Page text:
Copenhagen has a fully integrated bicycle infrastructure network. And in Denmark, 85 percent of children can ride a bicycle by the age of 5.

Mikael Colville-Andersen

Bicycle Urbanism by Design

In this excerpt from “Copenhagenize,” author Mikael Colville-Andersen talks cars, playgrounds and how we can leverage design to reclaim our “life-sized” cities.

Story by Mikael Colville-Andersen

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Editor’s note: The following is an excerpt from Copenhagenize, by Mikael Colville-Andersen. The book argues for designing “life-sized cities” that place the bicycle at the center of the urban transportation narrative, an approach that urban anthropologist Katrina Johnston-Zimmerman calls “the definitive guide to the future of our cities.” If you’d like to read more, we’re offering a free copy of the book to everyone who gives $60 or more to Next City, as a thank-you gift for your donation.

Here’s the baseline. We have been living together in cities for more than 7,000 years. By and large, we used those seven millennia to hammer out some serious best-practices about cohabitation and transport in the urban theater and the importance of social fabric. We threw most of that knowledge under the wheels of the automobile shortly after we invented it and have subsequently suffered through a saeculum horribilis in the urban context. Our overenthusiasm for technology and our human tendency to suffer short-term urban memory loss have further contributed to our zealous disregard for past experience.

Cities thrill me, but it has always been the streets that fascinate me to no end. Streets are the skeletal structure of the city organism. The veins pumping the lifeblood of a city from one end of the urban landscape to the other. For 7,000 years, the streets of a city were the most democratic spaces in human history. We did everything in the streets. We transported ourselves, sure, but we also bought and sold our goods, flirted, gossiped, discussed politics. Our children played in the streets. They were an extension of our homes, of our living rooms. Urban development was natural and organic and was based on the immediate needs of the people living in the streets in particular and the city in general. Both logistical needs and societal.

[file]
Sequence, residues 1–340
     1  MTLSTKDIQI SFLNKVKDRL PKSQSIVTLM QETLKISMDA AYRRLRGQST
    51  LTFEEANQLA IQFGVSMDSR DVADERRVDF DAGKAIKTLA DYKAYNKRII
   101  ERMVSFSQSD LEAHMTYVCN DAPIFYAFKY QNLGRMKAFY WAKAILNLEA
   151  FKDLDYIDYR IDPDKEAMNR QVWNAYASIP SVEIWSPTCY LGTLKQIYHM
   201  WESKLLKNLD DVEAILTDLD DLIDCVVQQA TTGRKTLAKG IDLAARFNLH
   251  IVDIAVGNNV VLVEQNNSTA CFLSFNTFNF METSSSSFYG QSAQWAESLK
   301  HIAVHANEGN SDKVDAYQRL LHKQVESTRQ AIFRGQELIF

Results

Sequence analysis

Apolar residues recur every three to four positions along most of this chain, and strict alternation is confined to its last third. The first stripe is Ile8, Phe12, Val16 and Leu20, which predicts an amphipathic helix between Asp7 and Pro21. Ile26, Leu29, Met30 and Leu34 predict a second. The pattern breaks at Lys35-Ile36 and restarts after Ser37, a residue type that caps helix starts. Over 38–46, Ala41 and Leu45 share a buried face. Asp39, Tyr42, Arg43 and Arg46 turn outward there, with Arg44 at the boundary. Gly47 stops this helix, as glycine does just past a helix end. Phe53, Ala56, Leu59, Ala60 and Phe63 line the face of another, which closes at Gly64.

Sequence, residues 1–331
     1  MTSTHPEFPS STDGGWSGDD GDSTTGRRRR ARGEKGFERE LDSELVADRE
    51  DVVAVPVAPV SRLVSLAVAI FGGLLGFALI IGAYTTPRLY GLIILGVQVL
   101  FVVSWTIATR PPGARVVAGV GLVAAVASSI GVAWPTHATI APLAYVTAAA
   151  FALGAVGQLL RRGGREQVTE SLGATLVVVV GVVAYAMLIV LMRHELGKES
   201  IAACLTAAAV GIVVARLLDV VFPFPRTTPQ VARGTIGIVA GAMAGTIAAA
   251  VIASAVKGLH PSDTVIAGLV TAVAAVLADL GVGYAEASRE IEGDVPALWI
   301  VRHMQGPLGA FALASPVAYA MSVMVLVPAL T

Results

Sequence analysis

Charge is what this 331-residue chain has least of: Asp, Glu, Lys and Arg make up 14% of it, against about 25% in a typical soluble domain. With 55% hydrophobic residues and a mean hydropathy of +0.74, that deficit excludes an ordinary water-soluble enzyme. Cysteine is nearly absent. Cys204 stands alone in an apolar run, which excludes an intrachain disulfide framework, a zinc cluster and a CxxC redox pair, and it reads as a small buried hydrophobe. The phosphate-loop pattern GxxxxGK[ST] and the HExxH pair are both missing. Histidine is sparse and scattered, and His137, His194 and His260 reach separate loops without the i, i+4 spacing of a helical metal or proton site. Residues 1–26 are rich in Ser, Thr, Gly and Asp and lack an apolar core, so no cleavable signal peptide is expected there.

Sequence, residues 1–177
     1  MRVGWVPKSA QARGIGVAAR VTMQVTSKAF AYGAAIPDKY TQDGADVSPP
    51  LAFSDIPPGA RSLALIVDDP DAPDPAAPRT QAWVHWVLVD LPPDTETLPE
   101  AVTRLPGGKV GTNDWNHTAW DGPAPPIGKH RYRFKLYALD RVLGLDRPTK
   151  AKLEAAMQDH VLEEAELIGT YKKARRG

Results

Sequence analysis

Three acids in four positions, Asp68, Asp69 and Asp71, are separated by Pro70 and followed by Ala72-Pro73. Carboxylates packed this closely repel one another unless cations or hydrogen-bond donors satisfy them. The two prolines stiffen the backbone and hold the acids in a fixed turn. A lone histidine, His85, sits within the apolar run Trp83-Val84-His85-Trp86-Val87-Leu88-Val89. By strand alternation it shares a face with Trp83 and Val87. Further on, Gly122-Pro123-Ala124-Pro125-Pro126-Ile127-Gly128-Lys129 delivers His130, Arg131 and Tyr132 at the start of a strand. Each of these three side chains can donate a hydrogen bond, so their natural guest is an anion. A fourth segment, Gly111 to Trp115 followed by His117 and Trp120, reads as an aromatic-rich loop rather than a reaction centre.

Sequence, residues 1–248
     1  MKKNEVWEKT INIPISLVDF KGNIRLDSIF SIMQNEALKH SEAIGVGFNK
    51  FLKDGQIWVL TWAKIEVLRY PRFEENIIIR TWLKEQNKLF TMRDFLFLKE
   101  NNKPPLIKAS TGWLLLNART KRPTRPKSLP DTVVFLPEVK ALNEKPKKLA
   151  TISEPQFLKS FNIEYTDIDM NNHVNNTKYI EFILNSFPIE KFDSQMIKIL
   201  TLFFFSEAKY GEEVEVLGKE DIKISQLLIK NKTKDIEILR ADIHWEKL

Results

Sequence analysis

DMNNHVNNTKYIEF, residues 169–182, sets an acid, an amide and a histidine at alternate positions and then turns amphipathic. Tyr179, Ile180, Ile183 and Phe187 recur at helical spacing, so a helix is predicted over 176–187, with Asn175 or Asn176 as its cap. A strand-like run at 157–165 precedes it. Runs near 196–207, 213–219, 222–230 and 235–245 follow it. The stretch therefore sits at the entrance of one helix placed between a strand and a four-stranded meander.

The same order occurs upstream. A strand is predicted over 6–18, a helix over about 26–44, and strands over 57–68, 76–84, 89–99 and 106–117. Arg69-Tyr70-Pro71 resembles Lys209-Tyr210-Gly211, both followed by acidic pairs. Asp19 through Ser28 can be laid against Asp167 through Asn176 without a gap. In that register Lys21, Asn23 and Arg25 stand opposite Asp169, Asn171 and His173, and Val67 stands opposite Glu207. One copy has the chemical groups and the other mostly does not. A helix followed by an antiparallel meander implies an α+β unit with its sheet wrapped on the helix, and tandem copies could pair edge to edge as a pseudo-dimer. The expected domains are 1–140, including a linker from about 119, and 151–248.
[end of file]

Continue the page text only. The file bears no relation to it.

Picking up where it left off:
Years ago, after I finished film school, I taught storytelling and screenwriting. After we, as homo sapiens, have secured our three basic needs — water, food and shelter — our fourth need emerges: storytelling. For the better part of history, we gathered around a firepit after the day was done — telling stories, forming bonds and further building belief systems and cultural mythologies. Some might argue that sex is our fourth basic need, but telling or listening to stories is an important step toward having sex with someone.

The firepit was our meeting place. Our anchor. As cities emerged and an indoor life became a part of our norm, the streets still remained as our urban firepit in which we told our stories and formed our bonds.

The Automobile As Invasive Species

The automobile and the infrastructure required to move it through our cities sounded a death knell for the streets and for our urban firepit. After 300,000 years of homo sapiens and 7,000 years of democratic space, our perception of the streets changed drastically. The automobile industry made quick work of it, too. Two things happened to change the perception. When the automobile appeared in our cities, it was an invasive species detested by citizens. Motorists were despised, and makeshift monuments were erected in many American cities to the alarming number of victims of car crashes — in particular, children.

There was an almost instant traffic-safety problem, and everyone was at a loss as to how to solve it. Engineers were the urban heroes of the day in rapidly expanding cities. Figuring out solutions for how to get electricity and water to our homes and sewage away from them. That couple of generations of engineers were brilliant. Engineers were handed the task of solving the traffic-safety carnage. The best problem-solvers of the day were an obvious choice for tackling such a serious problem. What happened, however, was that streets went from being regarded as a subconscious democratic firepit to becoming treated as public utilities. Not human spaces but puzzles to be solved with mathematical equations.